By ROBERT JUMPER
ONE FEATHER EDITOR
We have been waiting for a long time and it is feeling unbearable. We long so much for the normal. We feel that we are ready to take risks to feel it.
Since March, we have watched the numbers tick higher and higher – the number of infections, or the less intimidating “positive tests”; the number of hospitalized tribal members; the number of recoveries; the number of members lost to COVID-19. Day after day, week after week, month after month. At first, we were glued to the COVID-19 counts. All of us wanted to know how the community was doing through those counts. Now, for many, it is becoming a reminder of a disease that has not changed our lives for the better and feels like it is never going away.
We have experienced over half a year of some level of isolation. Many of us are hearing health recommendations and following them. Some are following them to the point where they are completely quarantining themselves in their homes and not coming out for anything. They are having things they need-food, toilet paper, other essentials-delivered and left on their porches. When they get their items, they drench them in alcohol or some other sanitizer. The only human interaction they allow is video chats, social media, or a phone call. Some are choosing this as a way of life on their own. They feel it is the best protection for them and their families. Others are instructed or directed to do so because they have been identified as having been in contact with someone who had a positive test.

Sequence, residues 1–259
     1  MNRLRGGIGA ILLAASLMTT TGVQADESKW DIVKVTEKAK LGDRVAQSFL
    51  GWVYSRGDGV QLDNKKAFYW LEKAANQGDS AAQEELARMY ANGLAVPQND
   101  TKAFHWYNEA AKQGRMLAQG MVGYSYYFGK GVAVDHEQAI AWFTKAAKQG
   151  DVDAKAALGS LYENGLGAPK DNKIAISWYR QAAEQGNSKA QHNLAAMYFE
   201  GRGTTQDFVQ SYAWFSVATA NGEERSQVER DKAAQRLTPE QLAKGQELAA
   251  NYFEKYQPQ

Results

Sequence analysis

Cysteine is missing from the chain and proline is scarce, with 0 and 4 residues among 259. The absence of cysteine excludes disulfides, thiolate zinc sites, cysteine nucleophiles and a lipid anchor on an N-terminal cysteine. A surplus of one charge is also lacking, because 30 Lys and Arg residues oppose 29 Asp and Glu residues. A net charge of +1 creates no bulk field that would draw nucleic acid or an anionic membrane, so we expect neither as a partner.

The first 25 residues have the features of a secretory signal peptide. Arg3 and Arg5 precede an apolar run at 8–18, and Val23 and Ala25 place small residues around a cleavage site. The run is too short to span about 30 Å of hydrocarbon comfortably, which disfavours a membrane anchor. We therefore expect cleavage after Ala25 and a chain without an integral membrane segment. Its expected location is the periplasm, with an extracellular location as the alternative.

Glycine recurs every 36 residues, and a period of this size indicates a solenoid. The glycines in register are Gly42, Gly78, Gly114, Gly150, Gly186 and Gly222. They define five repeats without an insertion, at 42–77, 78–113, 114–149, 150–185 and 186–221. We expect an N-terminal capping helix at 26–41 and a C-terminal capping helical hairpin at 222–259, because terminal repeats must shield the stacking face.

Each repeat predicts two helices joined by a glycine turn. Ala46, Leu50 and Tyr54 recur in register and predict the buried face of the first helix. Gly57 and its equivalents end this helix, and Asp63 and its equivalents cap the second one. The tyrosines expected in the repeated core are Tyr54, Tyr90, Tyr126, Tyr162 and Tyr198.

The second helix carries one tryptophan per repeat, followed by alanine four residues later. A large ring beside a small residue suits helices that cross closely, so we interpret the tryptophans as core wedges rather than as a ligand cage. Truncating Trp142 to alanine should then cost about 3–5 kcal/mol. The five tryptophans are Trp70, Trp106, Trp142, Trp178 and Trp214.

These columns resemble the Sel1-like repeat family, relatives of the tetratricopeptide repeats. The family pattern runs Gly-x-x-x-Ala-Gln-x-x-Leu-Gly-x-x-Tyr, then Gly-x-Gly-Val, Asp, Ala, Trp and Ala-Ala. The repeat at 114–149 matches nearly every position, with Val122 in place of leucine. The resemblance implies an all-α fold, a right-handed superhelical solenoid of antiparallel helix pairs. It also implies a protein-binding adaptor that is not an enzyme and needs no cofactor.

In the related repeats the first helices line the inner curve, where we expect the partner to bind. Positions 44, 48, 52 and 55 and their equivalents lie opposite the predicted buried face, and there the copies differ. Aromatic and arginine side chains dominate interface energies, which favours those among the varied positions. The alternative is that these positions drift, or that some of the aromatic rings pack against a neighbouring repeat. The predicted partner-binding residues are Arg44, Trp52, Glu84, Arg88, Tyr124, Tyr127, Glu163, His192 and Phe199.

Those who have been quarantined for cause have the additional worry of not knowing. Not knowing if they are infected with COVID-19. Not knowing whether they have infected friends and family in the interim between being exposed and being notified. And because quarantine is a form of isolation, those who are told to do it have plenty of time to think about all the possibilities. “Will I be one of those who gets by with no or mild symptoms, or will I be one of those in an ICU or on a ventilator?” The people that you have been in contact with start filing through your mind. “Have I infected my friend or loved one, and will they be okay?” The guilt and fear can set in long before you have answers.